The gift of reading

The Revolving Library aims to introduce underprivileged children to the wonderful world of books.

THEY call themselves the Revolvers. On weekends – and sometimes weekdays, too – these volunteers visit orphanages and children’s homes to deliver books and set up reading corners and make-shift libraries. They also conduct reading activities for the children. Every few months, the books are collected from the homes and replaced with a fresh batch so that the children get to read new books. The books move from home to home, hence the name of the unique project: The Revolving Library.

The Revolving Library (TRL) is the brainchild of Vannitha Balasingam, a former sub-editor who has taken time off to focus on her other passion – playing Scrabble. She has competed in national and international tournaments over the years, and is currently training for the 2013 World Scrabble Championship.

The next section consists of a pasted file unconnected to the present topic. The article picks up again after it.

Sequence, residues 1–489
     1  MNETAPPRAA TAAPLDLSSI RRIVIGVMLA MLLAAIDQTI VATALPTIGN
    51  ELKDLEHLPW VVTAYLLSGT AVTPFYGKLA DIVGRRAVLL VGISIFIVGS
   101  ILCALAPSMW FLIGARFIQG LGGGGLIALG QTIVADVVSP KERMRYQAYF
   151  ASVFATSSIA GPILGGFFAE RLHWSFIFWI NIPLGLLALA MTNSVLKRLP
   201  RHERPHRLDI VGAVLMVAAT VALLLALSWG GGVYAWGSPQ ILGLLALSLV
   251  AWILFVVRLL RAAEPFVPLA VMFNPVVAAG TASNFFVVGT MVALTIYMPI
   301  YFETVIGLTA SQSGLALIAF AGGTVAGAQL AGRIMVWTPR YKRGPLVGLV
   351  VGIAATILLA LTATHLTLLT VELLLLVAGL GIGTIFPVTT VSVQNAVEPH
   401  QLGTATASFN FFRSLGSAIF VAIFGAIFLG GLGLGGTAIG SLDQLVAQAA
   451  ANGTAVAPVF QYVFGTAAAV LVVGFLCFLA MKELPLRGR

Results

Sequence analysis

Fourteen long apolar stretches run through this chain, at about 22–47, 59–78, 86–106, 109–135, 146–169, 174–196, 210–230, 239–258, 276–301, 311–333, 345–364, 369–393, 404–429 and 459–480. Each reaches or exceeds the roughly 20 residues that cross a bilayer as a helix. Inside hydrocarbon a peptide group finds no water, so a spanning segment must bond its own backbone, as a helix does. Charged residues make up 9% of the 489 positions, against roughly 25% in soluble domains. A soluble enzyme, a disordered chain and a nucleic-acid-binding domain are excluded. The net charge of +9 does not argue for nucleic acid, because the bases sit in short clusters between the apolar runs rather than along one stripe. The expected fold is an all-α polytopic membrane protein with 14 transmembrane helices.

“It all started when I wanted to get rid of some of my stuff,” says Vannitha, with a laugh. “I am a real pack rat and find it extremely hard to get rid of my things. But I was moving and had no choice. I started a second-hand souk on Facebook and decided to donate 10% of my sales to charity. I quickly realised that 10% from sales of second-hand items wasn’t going to add up to much, and decided to use the money for books which I could donate to children’s homes,” Vannitha, 40, explains. Her simple idea quickly grew into something larger.

“Pretty soon, friends started asking me if I could sell their second-hand items on my online souk. I agreed on condition that they give me 10% of their sales for my project. Before I knew it, I had enough to buy a small collection of books – enough to get things going,” she shares. As she was sorting out her books and planning her first “drop off,” Vannitha had another lightbulb moment.

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The gift of reading


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